LITTLEWINE: And how do you think your farming impacts the wines?
Christian: You either do the work in the vineyard or the cellar. The concentration of aroma processes happens in the vineyard either through the soil or competition. I prefer it coming from the soil, instead of coming via the competition from other plants. If the soil isn’t the best, then people create impact through cover crops, but the more concentrated your soil is, the more impact you have — I think by having more concentrated soil, you get closer to great wine. When I say great wine, I don’t mean great wine in terms of ratings or anything like that. For me, the better wines are the ones without big influence — I think it’s about trying to protect our wine from ourselves. The possibilities in the cellar are never-ending… If you don’t have power from the vineyard, then I think people like to give power to their wines from their decisions in the cellar. But really, when it comes to the wine, everything is about acceptance. You like it or you don’t, but you must accept it for what it is. Wow… we’re getting pretty philosophical for this time in the morning!
LITTLEWINE: Well, you’re a great thinker, and we love to hear your thoughts. Your philosophy is also something that shows itself in some of your wines’ names. Can you tell us more about the thinking behind the name of your cuvée 'Non-Tradition'?
Christian: Austria is traditional, and many labels are about tradition. People talk about tradition in several ways, but in the past, tradition hasn’t always been the best. I wanted to do something that wasn't traditional. People were upset and angry that I named the wine this, but it made people think, and I’m ok with that!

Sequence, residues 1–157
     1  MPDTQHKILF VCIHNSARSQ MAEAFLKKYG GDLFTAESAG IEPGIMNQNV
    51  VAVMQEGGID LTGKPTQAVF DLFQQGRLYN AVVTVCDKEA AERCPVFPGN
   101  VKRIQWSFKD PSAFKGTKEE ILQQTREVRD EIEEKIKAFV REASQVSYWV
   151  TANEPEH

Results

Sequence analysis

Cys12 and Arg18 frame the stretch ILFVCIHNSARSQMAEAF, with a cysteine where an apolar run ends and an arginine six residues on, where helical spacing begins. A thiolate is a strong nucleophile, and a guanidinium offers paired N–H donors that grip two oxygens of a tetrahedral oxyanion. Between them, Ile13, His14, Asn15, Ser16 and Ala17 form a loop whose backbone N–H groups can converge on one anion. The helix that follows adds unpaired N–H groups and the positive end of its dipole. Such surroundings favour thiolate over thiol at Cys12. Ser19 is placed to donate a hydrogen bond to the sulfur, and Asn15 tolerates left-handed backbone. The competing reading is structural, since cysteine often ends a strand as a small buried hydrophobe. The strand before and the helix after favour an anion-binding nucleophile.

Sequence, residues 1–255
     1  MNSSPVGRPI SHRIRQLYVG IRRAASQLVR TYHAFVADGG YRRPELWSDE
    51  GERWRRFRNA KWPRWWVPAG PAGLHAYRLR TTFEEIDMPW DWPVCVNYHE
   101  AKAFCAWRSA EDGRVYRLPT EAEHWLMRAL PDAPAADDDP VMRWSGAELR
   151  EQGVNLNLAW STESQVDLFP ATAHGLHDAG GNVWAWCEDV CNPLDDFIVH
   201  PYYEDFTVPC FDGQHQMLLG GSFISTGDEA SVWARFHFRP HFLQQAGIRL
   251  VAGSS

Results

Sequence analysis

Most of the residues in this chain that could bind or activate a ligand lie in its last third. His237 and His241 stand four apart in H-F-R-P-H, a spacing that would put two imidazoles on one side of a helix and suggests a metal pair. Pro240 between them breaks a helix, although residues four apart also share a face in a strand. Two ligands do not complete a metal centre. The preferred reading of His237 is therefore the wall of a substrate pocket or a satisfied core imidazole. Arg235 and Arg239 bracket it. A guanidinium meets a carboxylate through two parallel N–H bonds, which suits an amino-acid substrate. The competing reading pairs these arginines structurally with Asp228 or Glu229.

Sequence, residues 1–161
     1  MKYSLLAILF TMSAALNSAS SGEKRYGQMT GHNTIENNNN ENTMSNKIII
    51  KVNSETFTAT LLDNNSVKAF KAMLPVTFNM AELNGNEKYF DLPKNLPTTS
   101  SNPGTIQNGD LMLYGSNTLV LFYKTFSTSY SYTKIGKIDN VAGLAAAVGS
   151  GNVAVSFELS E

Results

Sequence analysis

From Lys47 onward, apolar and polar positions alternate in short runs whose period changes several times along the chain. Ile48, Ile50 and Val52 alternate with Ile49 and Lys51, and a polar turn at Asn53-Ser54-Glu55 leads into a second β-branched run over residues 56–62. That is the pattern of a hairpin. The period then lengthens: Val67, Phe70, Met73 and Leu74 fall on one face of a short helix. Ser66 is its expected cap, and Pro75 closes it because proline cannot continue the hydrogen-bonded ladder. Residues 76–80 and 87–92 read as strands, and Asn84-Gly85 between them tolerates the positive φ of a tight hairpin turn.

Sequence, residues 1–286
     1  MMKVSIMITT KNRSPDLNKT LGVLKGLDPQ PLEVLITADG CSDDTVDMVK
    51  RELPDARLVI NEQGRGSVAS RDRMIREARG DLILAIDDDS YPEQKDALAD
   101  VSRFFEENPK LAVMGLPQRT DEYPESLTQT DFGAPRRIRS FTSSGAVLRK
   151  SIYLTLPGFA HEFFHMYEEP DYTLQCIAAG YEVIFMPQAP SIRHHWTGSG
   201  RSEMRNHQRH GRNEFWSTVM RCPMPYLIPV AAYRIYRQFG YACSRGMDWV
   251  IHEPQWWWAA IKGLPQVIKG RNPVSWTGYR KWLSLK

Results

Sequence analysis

LITTLEWINE: How about 'Hokus Pokus'?
Christian: I once said that all I needed to make wine was a bathtub, no hokus pokus. Everyone says that you can’t mix Riesling (the holy grape) and Grüner (the national grape), it's like an unwritten law. People were really upset that I was doing that. But it was my palate — I was tasting the grapes and thinking about the acid and the flavour, and how that could lead to the wine. I thought, maybe Grüner needs Riesling to save the wine or vintage. Every vintage has a challenge, it’s never easy-going. The question is: how can I find balance? Then, it’s about not being afraid to put things together from one parcel or from another.
LITTLEWINE: How do you make it – do you co-ferment or blend after?
Christian: I think co-fermenting is better than blending, as the chemical structure leads to more complexity. It’s a natural gathering, and it’s more complex and unique. I don’t like the idea of having a master cellar blender. The calculation of blending isn’t 1+1 = 2. It can be 1+1 = 1, or 1+1 = 3. I’ve tried blending in that way, but I’ve never been as content as I have been with co-ferments. I believe that nature can always do better than we can; I trust more in nature’s complexity than in humankind's palate.
LITTLEWINE: As always, much food for thought. Thank you so much for taking the time, Christian.
Christian: Thank you!